Assessors identify Cayman ‘deficiencies’

  • Critical report: Cayman has set up a task force to work on deficiencies in its systems to combat money laundering and terrorism financing, highlighted in a report published this week

    Critical report: Cayman has set up a task force to work on deficiencies in its systems to combat money laundering and terrorism financing, highlighted in a report published this week


The Cayman Islands has failed to fully appreciate the risks of money laundering and terrorism financing and has a poor record on investigating and prosecuting financial crime.

Those are two of the findings detailed in a report published this week by the Caribbean Financial Action Task Force, based on a visit by assessors to the Caribbean territory in December 2017.

CFATF assessors visited Bermuda in October and November last year to conduct a similar assessment of Bermuda’s regime to combat money laundering and terrorism financing.

In January, their preliminary findings, which have not yet been released publicly, were discussed by the Financial Policy Council, which is chaired by Curtis Dickinson, the Minister of Finance.

The Government of the Cayman Islands responded to this week’s report by appointing a dedicated task force, made up of the Premier, the Attorney-General, the Deputy Governor, and several relevant ministers to implement a “comprehensive action plan” designed to tackle the deficiencies identified in the report within a year.

The mutual evaluation report examined Cayman’s compliance with the Financial Action Task Force recommendations on AML/CFT systems. This was the first assessment to analyse the framework’s level of effectiveness in practice.

It found that a national risk assessment conducted four years ago provided “a fair level of understanding” of Cayman’s domestic money-laundering and terrorist-financing risks.

However, the report said the NRA did not focus enough on international risks, particularly in parts of the financial sector outside regulatory supervision, such as lawyers and excluded persons under Cayman’s Securities Investment Business Law.

“This has resulted in major deficiencies that have inhibited the jurisdiction’s ability to analyse and understand its risks,” the report stated.

Cayman had the sixth-largest banking sector in the world, the report added, citing data from the Bank of International Settlements in the second quarter of 2014, and “should have conducted a more thorough assessment of its inherent ML/TF vulnerabilities due to the significant size of the financial sector”.

The assessors concluded that “the investigations and prosecution of money laundering in the Cayman Islands are primarily domestic minor predicate offences”, which “may not be fully commensurate with its risk profile”.

The report noted that the Royal Cayman Islands Police Service and the Office of the Director of Public Prosecutions have dedicated resources to combat financial crime.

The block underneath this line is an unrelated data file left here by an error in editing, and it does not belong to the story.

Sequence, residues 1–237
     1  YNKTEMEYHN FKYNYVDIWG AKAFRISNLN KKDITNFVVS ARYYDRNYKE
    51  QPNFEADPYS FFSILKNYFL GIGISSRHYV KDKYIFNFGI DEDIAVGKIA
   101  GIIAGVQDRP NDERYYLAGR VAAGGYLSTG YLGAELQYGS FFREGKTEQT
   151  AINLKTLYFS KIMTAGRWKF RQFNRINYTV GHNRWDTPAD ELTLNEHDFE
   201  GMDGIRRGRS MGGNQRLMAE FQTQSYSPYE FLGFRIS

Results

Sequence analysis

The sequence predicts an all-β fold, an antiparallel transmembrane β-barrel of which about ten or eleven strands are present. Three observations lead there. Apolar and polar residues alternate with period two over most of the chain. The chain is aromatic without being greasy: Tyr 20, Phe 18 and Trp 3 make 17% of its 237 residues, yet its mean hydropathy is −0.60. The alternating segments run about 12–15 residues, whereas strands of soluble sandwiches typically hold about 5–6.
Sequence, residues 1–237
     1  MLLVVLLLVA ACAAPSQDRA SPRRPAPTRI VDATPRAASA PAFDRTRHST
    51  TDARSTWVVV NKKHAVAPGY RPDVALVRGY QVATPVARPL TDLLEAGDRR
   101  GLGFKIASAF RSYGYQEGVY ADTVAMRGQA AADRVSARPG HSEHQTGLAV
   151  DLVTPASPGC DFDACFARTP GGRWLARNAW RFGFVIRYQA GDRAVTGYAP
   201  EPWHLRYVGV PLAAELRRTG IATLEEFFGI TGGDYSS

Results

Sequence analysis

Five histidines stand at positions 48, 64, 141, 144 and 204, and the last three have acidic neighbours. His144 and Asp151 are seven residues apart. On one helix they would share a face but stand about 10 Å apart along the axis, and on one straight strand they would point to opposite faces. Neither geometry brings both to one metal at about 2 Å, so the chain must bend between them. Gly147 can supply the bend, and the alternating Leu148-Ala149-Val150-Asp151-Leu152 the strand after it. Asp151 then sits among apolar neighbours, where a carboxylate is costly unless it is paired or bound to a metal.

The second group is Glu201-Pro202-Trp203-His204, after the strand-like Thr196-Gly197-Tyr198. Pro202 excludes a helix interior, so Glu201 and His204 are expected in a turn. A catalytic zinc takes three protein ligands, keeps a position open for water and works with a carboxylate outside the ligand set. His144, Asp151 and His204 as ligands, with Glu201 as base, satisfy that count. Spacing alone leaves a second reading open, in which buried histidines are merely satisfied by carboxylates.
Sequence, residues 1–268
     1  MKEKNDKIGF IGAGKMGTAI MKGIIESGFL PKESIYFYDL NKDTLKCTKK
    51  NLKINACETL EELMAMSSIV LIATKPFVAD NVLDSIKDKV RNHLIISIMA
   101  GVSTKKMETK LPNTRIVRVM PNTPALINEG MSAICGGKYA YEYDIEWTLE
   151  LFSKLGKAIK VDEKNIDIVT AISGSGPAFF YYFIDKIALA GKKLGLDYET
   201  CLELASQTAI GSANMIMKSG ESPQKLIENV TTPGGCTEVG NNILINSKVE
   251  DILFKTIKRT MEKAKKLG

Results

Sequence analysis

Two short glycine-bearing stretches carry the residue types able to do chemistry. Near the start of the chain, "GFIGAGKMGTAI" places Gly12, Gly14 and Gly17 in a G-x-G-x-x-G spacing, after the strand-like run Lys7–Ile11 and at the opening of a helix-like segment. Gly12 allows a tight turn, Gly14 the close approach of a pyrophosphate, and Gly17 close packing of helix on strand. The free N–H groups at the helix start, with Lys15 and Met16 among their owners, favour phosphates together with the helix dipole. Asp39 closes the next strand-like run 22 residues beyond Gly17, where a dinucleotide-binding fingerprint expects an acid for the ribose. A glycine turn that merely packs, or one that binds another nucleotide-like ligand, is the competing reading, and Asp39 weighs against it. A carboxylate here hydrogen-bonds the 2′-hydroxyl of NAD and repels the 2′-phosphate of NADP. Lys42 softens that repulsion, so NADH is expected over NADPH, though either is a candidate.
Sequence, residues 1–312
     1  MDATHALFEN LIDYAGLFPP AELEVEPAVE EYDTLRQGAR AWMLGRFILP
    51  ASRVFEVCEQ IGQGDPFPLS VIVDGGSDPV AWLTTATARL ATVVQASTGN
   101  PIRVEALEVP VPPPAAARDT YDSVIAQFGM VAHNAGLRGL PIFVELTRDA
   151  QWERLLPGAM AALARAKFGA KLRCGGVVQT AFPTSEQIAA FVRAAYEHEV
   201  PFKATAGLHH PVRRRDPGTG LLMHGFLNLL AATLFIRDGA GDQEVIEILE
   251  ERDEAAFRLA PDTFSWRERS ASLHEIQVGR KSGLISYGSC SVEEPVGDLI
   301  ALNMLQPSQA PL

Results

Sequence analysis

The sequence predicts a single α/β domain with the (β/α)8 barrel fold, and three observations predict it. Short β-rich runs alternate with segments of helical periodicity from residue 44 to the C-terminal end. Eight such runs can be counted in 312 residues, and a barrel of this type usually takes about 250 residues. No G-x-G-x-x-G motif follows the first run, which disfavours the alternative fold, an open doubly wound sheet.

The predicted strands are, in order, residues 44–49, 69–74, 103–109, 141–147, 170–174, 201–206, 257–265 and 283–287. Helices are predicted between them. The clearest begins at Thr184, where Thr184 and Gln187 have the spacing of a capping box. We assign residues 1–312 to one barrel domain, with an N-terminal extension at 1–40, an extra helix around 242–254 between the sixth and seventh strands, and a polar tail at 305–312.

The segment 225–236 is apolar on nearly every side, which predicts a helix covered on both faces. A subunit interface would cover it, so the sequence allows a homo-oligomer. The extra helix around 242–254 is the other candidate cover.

However it found that “large and complex financial investigations and prosecutions have not been identified, or pursued, and there is limited focus on stand-alone money-laundering cases and foreign-generated predicate offences”.

There were fundamental challenges in how Cayman idenitified potential financial crime for investigation.

The authorities “do not have access to the widest possible level of relevant information nor does the jurisdiction collect relevant information from its reporting entities (eg wire transfers) that would allow for the proactive identification of cases for investigation”, the report adds.

However, the report added that Cayman “has an objective to remove the financial benefit from crime” and had “a solid and highly professional institutional framework”. Almost all professionals the assessors spoke displayed “a solid understanding of risks and are skilled in applying relevant control measures”.

The Cayman Compass reported that Alden McLaughlin, the Premier of Cayman, said: “The Cayman Islands remain fully committed to upholding the highest global standards on money laundering and terrorist financing.

“Our anti-money laundering and counter-financial terrorism action plan will send a clear signal that we intend to maintain those standards.

“Work is already underway to improve information gathering, more rigorously monitor financial activity and enhance enforcement including the confiscation of assets.”

After a 12-month observation period, the FATF’s International Co-operation Review Group is set to issue a report on Cayman’s progress.

A copy of the full CFATF report on the Cayman Islands appears on this webpage under the heading Related Media

You must be registered or signed-in to post comment or to vote.

Published Mar 21, 2019 at 8:00 am (Updated Mar 21, 2019 at 12:21 am)

Assessors identify Cayman ‘deficiencies’

What you
Need to
Know
1. For a smooth experience with our commenting system we recommend that you use Internet Explorer 10 or higher, Firefox or Chrome Browsers. Additionally please clear both your browser's cache and cookies - How do I clear my cache and cookies?
2. Please respect the use of this community forum and its users.
3. Any poster that insults, threatens or verbally abuses another member, uses defamatory language, or deliberately disrupts discussions will be banned.
4. Users who violate the Terms of Service or any commenting rules will be banned.
5. Please stay on topic. "Trolling" to incite emotional responses and disrupt conversations will be deleted.
6. To understand further what is and isn't allowed and the actions we may take, please read our Terms of Service
7. To report breaches of the Terms of Service use the flag icon

  • Take Our Poll

    Today's Obituaries

    eMoo Posts